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[Image 1: Department of Defense
Photo. LtCol Royce L. Bond, commanding officer of BIT
1/9, right,
attends a briefing with his executive officer, Maj BurrelH. Landes.Jr. BLT'1/9
served as the 11th MAB's reserve for the six-phase operation to evacuate
Phnom Penh, cancelled three days after its 2 April inception.]

Page 110(The Bitter End)


plementaion disappeared. Within two days, the perceived requirement for a
major operation involving the llth MAB had passed. Two factors weighed heavily
in the decision to deactivate the llth Marine Amphibious Brigade. First, the
estimate of persons to be evacuated was decreasing daily. The aircraft resupplying
the government forces had begun to speed this process by transporting increasing
numbers of refugees on their outbound legs. The second reason hinged on the
anticipated arrival of the Hancock and HMH-463. With the carrier and its embarked
squadron only three days Steaming time from the Gulf of Thailand, the addition
of 16 transport helicopters now seemed a certainty, and so without a mission,
the llth MAB had no military purpose. Effective 0001 5 April 1975, CG III
MAF deactivated it.25


Three days earlier on 2 April, in response to the further deterioration of the Cambodian government's defenses around Phnom Penh, Ambassador John Gun-ther Dean had requested the insertion of the Operation Eagle Pull command element into Phnom Penh. The following day. Colonel Baichelder and his group flew into Pochencong airfield. On 4 April, the United States brought in additional C-130s to speed the fixed-wing evacuation process. Simultaneously, the MAU/ARG Alpha assumed a six-hour response posture. During the week of 4 to 10 April, the additional flights extracted hundreds of Cambodians, former employees of the American Embassy. This massive removal of Embassy personnel left a staff of only 50 people to manage both daily business and the evacuation. On the positive side. it decreased the estimate of Cambodians awaiting evacuation to a much more manageable level and nearly eliminated the likelihood of using anything other than the helicopter option.26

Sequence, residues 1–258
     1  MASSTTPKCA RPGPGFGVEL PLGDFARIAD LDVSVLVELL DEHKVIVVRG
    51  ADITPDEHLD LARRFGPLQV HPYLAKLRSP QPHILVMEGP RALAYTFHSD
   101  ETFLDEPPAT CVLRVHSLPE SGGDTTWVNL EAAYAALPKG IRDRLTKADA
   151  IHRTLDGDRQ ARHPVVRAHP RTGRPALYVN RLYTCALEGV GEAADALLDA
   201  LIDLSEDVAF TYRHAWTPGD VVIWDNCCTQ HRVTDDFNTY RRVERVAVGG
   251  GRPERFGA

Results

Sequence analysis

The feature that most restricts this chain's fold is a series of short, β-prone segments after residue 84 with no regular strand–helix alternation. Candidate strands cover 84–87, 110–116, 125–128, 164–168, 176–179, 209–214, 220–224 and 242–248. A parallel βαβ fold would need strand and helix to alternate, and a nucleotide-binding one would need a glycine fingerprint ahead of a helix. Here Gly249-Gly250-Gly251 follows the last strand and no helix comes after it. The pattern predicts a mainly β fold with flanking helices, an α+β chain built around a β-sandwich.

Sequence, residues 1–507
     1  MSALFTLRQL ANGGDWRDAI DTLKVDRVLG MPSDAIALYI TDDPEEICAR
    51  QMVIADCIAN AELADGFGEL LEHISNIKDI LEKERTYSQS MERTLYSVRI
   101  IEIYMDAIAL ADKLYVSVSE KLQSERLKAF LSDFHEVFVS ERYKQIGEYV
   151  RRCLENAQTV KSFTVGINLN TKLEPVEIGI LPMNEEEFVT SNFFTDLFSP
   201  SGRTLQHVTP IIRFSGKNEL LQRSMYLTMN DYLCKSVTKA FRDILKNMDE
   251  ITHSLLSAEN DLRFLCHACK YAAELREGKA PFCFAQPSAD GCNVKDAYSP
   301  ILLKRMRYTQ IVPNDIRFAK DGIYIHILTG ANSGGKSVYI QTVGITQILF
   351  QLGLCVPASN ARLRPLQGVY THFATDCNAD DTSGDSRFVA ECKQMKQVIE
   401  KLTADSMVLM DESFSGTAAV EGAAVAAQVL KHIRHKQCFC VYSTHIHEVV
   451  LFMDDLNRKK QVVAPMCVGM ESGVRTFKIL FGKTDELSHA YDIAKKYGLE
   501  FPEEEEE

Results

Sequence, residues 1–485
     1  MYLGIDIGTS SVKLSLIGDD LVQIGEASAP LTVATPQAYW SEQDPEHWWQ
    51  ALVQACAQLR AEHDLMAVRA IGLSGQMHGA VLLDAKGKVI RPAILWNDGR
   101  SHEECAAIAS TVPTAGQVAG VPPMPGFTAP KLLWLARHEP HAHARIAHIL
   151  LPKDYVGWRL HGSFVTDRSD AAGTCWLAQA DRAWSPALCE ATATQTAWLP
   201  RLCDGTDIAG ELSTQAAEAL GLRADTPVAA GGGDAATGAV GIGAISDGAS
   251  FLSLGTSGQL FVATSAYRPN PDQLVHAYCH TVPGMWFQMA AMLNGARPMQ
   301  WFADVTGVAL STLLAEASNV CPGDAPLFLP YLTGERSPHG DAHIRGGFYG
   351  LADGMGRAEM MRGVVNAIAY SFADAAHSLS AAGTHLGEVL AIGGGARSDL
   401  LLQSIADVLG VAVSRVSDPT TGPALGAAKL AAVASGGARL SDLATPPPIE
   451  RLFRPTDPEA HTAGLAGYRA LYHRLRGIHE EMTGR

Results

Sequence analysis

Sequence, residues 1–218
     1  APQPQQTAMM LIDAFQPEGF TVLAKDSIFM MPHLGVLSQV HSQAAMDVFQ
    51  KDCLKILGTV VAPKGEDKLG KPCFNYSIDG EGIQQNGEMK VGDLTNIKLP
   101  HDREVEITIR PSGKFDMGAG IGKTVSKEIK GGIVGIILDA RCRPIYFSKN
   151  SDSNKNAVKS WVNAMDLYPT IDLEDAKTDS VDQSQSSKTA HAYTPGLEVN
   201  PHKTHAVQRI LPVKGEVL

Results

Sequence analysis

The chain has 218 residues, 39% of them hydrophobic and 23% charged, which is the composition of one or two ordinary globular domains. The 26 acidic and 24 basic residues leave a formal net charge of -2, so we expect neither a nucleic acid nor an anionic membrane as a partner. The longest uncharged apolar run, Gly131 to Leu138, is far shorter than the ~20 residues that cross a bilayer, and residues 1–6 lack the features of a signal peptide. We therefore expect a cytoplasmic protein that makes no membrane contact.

As the Embassy, the Marines ashore, and the MAU prepared for chat option, evems in neighboring Vietnam forced ARG Bravo, on 9 April, 10 sail from Phu Quoc back to Vung Tau. Included in the amphibious ready group were Durham, Frederick. Duhuque, and the latest addition to the Western Pacific evacuation forces, the Hancock. Vung "lau, a peninsula in southern South Vietnam near Saigon, looked like it might become the sue of the next major evacuation as thousands of South Vietnamese fleeing the Communist offensive took refuge there. Colonel Alfred M. Gray commanded the combat forces (the 33d MAU) designated to provide security should ARG Bravo be forced to conduct evacuation operations. The Hancock, the ship designated to support the evacuation of Cambodia using HMH-463, also carried other units of the 33d MAU including elements of Lieutenant Colonel Bond's BLT 1/9. Additionally, while in Subic, the Hancock had taken on board additional helicopters, CH-46s, UH-lEs, and AH-lJs, ferried to Subic by the USS Midway (CVA 41) expressly for the purpose of augmenting HMH-463 and 33d MAU.*27


On 10 April, in order to resolve the conflict in mission, CinCPacFlt detached the Hancock and HMH-463 from 33d MAU/ARG Bravo and passed operational control to 31st MAU/ARG Alpha. Laic the following day, on 11 April 1975, the carrier rendezvoused with ARG Alpha in the Gulf of Thailand. Despite its late arrival, less than 24 hours before H-Hour, HMH-463 was ready for action.28


From the moment it left Pearl Harbor, the squadron had begun preparing for the operation. In particular, it made modifications to the aircraft to counter the effectiveness ofSA-7 surface-to-air missiles. Maintenance personnel installed the ALE-29 flare dispenser


*The Midway had been ordered to the area in response to the


growing crisis in South Vietnam. Hnroure from her homepon in Yokosuka.Japan. to Subic Bay, Re-public ofihc Philippines, the Midway, as it steamed past Okinawa, embarked the helicopters designated for transfer to the Hancock. Stationed at Marine Corps Air Station Futema, they joined Detachment 101 of VMCJ-1 already on board the Midway. Under the command ofl-icuic'iiant Colonel William A. Bloomer, the detachment consisted of iwo Ri--4s and three EA-6s.









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